GOODMAN: Televising my guilty pleasures

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Guilt can be a pretty awful feeling. Not studying for a test, forgetting to call your mom after promising to do so or breaking up with someone are all things that might keep us up at night. Although guilt is often seen as negative, there is one type of guilt that always, without fail, is positive.

I’m talking about guilt that manifests itself in the form of pleasure.

Guilty pleasures are the love-hate relationships that we spend far too much time thinking about but refuse to admit to. They’re the hidden thoughts, embarrassing interests and unusual habits that brighten our days. The best thing about guilty pleasures, though, is that some can’t even be defined as guilty anymore because so many other people share the same peculiar obsessions.

What was once meant to be secret is now totally acceptable.

One of the best types of guilty (or not-so-guilty, anymore) pleasures exists within TV. There have been, and are currently, some pretty deranged shows out there. Our guilt stems from the fact that we would never morally support the shows’ absurdities in real life. At the same time, though, we justify such obsessions by reminding ourselves that the actors are making bank and often acting from a script.

What it boils down to is that sometimes we just want to watch nonsense. And that’s totally okay.

My personal guilty pleasure show – the twisted “American Horror Story” on FX – returns for its second season this Wednesday, and I couldn’t be more thrilled. Although it comes from the writers of “Glee,” this show is so unbearably perturbing that it’s irresistible.

I honestly can’t justify why I like this show. Maybe it’s because the plot line is brilliant and sickening at the same time. Maybe it’s because I’m awkwardly drawn to fictitious evil – yes, I would choose to be in Slytherin at Hogwarts. Maybe it’s that one of the show’s characters last season inspired my current hair color. Or maybe it’s as simple as Adam Levine being a recurring character this season. Whatever it is, this show may not be for you, but it absolutely is for me.

There are plenty of other guilty pleasure shows that aren’t quite as … warped … as mine, though. Let’s look at some of the best known (and most guilty) over the years.

The Bachelor/The Bachelorette: This show is guiltily pleasurable for both men and women. It’s so much of a guilty pleasure that people (myself included) regularly visit sites like Reality Steve to read spoilers before the season even premieres. So much of the show is scripted – cue awkward mask man, Bentley and every time the Bachelor or Bachelorette says, “That was the hardest decision I’ve ever had to make.” But the hopeless romantics in each of us still want the relationships built on the show to last. Even if only three couples out of 24 seasons are still together, one thing that will never be second-guessed is the fact that Chris Harrison has the easiest job in the world, and we all secretly want to be him.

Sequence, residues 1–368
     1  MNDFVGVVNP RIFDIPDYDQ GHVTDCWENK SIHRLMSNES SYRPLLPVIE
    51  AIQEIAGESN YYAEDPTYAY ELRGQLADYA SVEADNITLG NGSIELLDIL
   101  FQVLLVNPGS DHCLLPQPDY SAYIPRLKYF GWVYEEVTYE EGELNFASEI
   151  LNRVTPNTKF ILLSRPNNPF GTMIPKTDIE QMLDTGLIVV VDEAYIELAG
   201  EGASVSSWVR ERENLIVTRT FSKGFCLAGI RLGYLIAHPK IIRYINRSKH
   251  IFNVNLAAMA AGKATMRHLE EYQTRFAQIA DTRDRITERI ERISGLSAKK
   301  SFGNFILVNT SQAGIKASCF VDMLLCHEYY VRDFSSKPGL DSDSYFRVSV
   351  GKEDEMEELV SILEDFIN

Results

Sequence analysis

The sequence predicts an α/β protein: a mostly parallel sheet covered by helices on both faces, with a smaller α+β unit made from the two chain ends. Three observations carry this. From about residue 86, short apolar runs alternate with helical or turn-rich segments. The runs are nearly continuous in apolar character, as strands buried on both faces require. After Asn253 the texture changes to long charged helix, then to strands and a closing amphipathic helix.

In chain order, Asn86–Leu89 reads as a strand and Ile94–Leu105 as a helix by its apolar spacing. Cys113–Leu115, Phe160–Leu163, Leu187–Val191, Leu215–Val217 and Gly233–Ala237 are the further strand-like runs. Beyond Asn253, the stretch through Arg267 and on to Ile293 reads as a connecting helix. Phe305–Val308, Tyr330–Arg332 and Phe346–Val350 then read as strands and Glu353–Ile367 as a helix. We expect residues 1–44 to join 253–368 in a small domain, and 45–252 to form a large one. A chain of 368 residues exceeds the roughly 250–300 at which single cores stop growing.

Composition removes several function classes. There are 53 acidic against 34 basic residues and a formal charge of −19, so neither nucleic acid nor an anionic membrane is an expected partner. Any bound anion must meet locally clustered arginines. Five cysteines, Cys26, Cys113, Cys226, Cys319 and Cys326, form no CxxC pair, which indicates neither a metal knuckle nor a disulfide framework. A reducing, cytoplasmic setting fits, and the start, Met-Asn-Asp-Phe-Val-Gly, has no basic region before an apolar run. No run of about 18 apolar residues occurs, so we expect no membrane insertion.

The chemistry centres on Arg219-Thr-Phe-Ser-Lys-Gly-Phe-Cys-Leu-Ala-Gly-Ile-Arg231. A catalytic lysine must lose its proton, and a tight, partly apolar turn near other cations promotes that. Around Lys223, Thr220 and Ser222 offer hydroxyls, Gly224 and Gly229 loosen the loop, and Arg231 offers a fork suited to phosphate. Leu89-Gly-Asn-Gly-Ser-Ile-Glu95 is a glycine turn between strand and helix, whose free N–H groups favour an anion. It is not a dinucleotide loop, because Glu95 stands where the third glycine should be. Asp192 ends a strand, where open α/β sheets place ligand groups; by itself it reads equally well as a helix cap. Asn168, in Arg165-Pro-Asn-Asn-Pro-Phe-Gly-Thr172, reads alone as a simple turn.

Anything on TLC: If someone can name one show on TLC that isn’t absolutely ridiculous, please let me know. I feel bad for the poor individuals who get their lives displayed on this channel, no matter if it’s in “Dance Moms,” “Toddlers and Tiaras,” “Say Yes to the Dress” or “My Strange Addiction.” Some of these shows are simply unreal. But let’s face it, ranking seven-year-olds in a pyramid due to their dance performances, watching toddlers go tanning, Pinterest wedding boards in television form and people who like to eat glue make us all feel better about ourselves.

Avatar: The Last Airbender: This might be a stretch, but just hear me out. I owe my sister for introducing me to this gem of Nickelodeon entertainment. This weird animation is absolutely addictive. It’s more than just a cartoon. It has political undertones. Oh, yes. And is actually pretty funny in a shamelessly geeky kind of way. If you can watch this show and not debate which type of bender you would be, you’re clearly missing the point. The movie was a fail, but this show is nothing to be laughed at.

The Secret Life of the American Teenager: This show doesn’t even deserve to be called a guilty pleasure. The only guilty thing about it is how the actors should feel for agreeing to say the word “sex” at least 200 times per episode. It’s all the characters in the show think about. I’m not quite sure if this is a strategic move by the writers to gain viewers or if the show really is just as baffling as it seems. Either way, it’s not okay.

The list goes on and on. Unfortunately, I didn’t get to things such as Lifetime made-for-TV movies or “Talk Sex with Sue Johanson,” which I’m sure more than a few of us felt oh-so-rebellious watching back in the day. The message, however, is clear. Guilty pleasures are nothing to be ashamed of. In fact, they’re probably not as guilty as you think.

brooke.goodman@marquette.edu

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